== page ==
The Security Ecosystem has a proprietary Attribute Authority (“AA”), which acts as a Trusted Third Party mediating service provider. With the AA, the Ecosystem can: securely set up identities, uniquely associate encryption keys to identities and their Invitees (communication lines), delegate authorizations (e.g. to Inviters or to asynchronous uploads) and/or handle authorization requests and/or other real-time verifications pertaining to accessing communication lines and sharing digital files. Many scenarios have been described and solved for, including operating without a traditional Registration Authority (“RA”), or working with an external PKI/PMI, sharing certificates with 3rd parties, etc.
The Security Ecosystem is designed to be agnostic to where and/or how email or other content is hosted. Furthermore, a primary Ecosystem strength that is typically not a part of other offerings is auditable brokering of trusted relationships through the Ecosystem's Inviter-Invitee protocol suite (see
The Security Ecosystem may be deployed in either a cloud-hosted environment or in an Enterprise (i.e., business) deployment on premise in the private enterprise's hosted environment. In an enterprise-hosted environment, the Ecosystem could be provisioned in private-label basis associated with the enterprise. The enterprise could use it as a Business-to-Consumer security solution, for example. Such a deployment could reduce any concern an enterprise might have about an outside provider having access to privileged information. (See
In an enterprise deployment, Security Ecosystem can create a security appliance that deploys at such a private enterprise to create and manage private/public key pairs for customers, partners and associates who are outside the enterprise security envelope (See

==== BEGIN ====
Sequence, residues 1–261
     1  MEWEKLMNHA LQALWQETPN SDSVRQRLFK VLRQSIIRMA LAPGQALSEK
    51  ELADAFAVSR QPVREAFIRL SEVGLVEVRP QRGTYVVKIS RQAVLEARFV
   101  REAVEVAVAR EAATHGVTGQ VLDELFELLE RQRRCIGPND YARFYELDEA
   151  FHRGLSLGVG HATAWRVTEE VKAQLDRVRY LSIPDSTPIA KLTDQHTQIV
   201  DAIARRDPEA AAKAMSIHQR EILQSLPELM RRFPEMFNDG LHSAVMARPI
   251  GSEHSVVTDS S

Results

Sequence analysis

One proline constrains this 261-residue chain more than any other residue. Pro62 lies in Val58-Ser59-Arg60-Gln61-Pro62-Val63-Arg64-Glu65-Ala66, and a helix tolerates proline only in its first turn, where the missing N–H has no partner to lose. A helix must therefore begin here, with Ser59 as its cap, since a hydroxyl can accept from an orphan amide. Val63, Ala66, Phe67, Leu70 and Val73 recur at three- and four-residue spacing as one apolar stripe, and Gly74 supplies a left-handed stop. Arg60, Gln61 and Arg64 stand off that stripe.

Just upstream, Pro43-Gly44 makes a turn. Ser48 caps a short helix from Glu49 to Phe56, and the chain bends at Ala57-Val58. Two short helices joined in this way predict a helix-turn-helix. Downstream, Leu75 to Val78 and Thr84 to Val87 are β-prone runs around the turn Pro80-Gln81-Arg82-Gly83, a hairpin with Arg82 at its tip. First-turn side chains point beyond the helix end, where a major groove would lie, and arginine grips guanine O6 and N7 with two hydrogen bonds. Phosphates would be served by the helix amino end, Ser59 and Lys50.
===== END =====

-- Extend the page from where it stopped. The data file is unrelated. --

In one embodiment, the enterprise appliance of (optionally privately-branded infrastructure of security components will enable enterprise users to share documents and communications with external individuals and/or companies using strong authentication and encryption. The solution can enable the enterprise's IT Security Group to control, host, and manage a security application that invites outside parties to download a client to their smart device and/or computer in order to share content with enterprise users over any content transport and/or delivery platform (i.e. email, Dropbox, FTP sites, etc.). Such an ecosystem appliance may provide a variety of benefits such as one or more of: end-to-end security from the enterprise users to outside parties without extending the firewall and without requiring federated identity management; facilitating the creation of agreement-based relationships within a trusted framework so that the enterprise can have higher confidence that the sensitive data and messages it shares outside of its network are being shared generally only with the enterprise-authorized Off-Net Users; manages user-directed, end-point encryption of digital assets for secure sharing with other users (where this end-point encryption can also be used for secure storage and retrieval); may provide a future capability for enterprise cross-certification resulting in public keys that map to identities on one enterprise being recognized by another enterprise in order to facilitate automated inter-enterprise, secure communication; may provide practical adoption of non-repudiable Digital Signing of documents so that Digital Signing may become a reliable, user-contact tool and trusted tool of the enterprise's corporate records; may provide the availability of trusted audit trails with detailed, cryptographically-validated records of the encryption, decryption and authentication operations applied to users' messages; may be branded with the “enterprise's” name.